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Robert Kelly had constructed the argument to put his wife on the defensive. It worked, as he knew it would, which, in a way, was even worse than having done nothing at all. So after Irene stomps around the bedroom, gathering together the stray pieces of clothing for tomorrow’s laundry, Robert grabs her arms and pulls her toward him. She beats against his chest, then succumbs to his lips and tongue pressing against her neck. He yanks the straps of her dress down her arms, pushes up and sucks on her breasts, pulling hard on her nipples with his teeth. “Ow,” she says. “Don’t. Don’t stop.” He grabs her delicate hands in his giant paw and locks them behind her back with his grip, then nudges her toward the bed with his knee against her crotch. “Keep quiet,” he says. On his knees, he pushes aside her underwear and laps the juice from her pussy, reaching up to put his fingers in her mouth when she starts to moan. Her legs shudder. He grabs her up from the bed and holds her like an offering. With his thick, hardened quadriceps, he pushes open her legs and enters her, gently at first, then harder, working as though with every thrust he adds another brick to a wall he is about to destroy. The veins in his arms pulse as he presses his fists down into the mattress, and his calves burn as he maneuvers his pelvis to reach the spot that makes her body quake, feeling himself grow thicker as she shouts the first syllable of his name like a cheer—Ra-Ra-Ra.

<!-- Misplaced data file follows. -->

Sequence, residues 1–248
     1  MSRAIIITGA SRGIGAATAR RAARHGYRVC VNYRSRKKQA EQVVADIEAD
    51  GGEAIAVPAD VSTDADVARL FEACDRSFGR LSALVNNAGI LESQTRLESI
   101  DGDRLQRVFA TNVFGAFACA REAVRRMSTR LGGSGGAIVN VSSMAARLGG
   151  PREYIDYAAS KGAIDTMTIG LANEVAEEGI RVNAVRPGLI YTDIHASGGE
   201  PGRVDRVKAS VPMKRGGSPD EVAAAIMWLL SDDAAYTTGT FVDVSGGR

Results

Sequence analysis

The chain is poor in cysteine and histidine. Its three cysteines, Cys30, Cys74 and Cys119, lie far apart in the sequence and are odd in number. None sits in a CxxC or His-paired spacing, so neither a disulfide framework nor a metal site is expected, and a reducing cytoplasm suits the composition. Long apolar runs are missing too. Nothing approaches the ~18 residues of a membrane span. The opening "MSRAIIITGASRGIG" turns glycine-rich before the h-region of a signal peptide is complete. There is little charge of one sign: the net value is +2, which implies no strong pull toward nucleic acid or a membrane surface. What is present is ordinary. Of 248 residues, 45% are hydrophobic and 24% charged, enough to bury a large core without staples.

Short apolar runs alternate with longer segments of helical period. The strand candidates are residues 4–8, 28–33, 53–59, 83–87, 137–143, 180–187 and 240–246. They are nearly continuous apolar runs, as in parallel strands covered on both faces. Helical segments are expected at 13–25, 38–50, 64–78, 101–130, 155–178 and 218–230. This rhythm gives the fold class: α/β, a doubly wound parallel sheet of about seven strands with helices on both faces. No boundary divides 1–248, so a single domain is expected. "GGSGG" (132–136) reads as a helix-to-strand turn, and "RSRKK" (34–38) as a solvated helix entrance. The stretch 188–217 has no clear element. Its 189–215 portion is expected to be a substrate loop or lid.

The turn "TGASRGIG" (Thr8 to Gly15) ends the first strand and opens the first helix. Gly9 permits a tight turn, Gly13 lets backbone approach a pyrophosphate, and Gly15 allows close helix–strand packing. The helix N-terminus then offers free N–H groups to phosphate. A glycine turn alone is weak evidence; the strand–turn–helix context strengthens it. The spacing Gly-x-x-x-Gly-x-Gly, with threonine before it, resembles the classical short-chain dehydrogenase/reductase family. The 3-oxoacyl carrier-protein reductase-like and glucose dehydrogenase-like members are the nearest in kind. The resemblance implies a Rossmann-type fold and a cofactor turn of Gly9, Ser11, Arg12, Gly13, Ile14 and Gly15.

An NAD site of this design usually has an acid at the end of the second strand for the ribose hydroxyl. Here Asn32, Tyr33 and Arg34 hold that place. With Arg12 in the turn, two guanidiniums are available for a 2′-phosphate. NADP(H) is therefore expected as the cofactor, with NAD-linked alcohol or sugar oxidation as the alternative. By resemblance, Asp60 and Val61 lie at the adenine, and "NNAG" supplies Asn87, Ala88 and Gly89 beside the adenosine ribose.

But Robert Kelly is no longer a fighter, a ballplayer, a soldier. Now he runs and plays golf and sells three-bedroom homes near the ocean in Wequaquet, Massachusetts. He only competes against himself.
After he comes, he rolls onto his back, and Irene moves to his side, her leg across his. She wipes the sweat from his forehead, plays with his chest hair, and picks at the dry skin on his nose. He lies there with his eyes open, spent, waiting for Irene to fall asleep.
When had they last made love like that? It felt like it had been before the children were born, twelve years ago. Nathan, then Andrew. Neither of them planned or expected, simply inevitable, Robert thought, whether he wanted them or not. He was glad they were boys.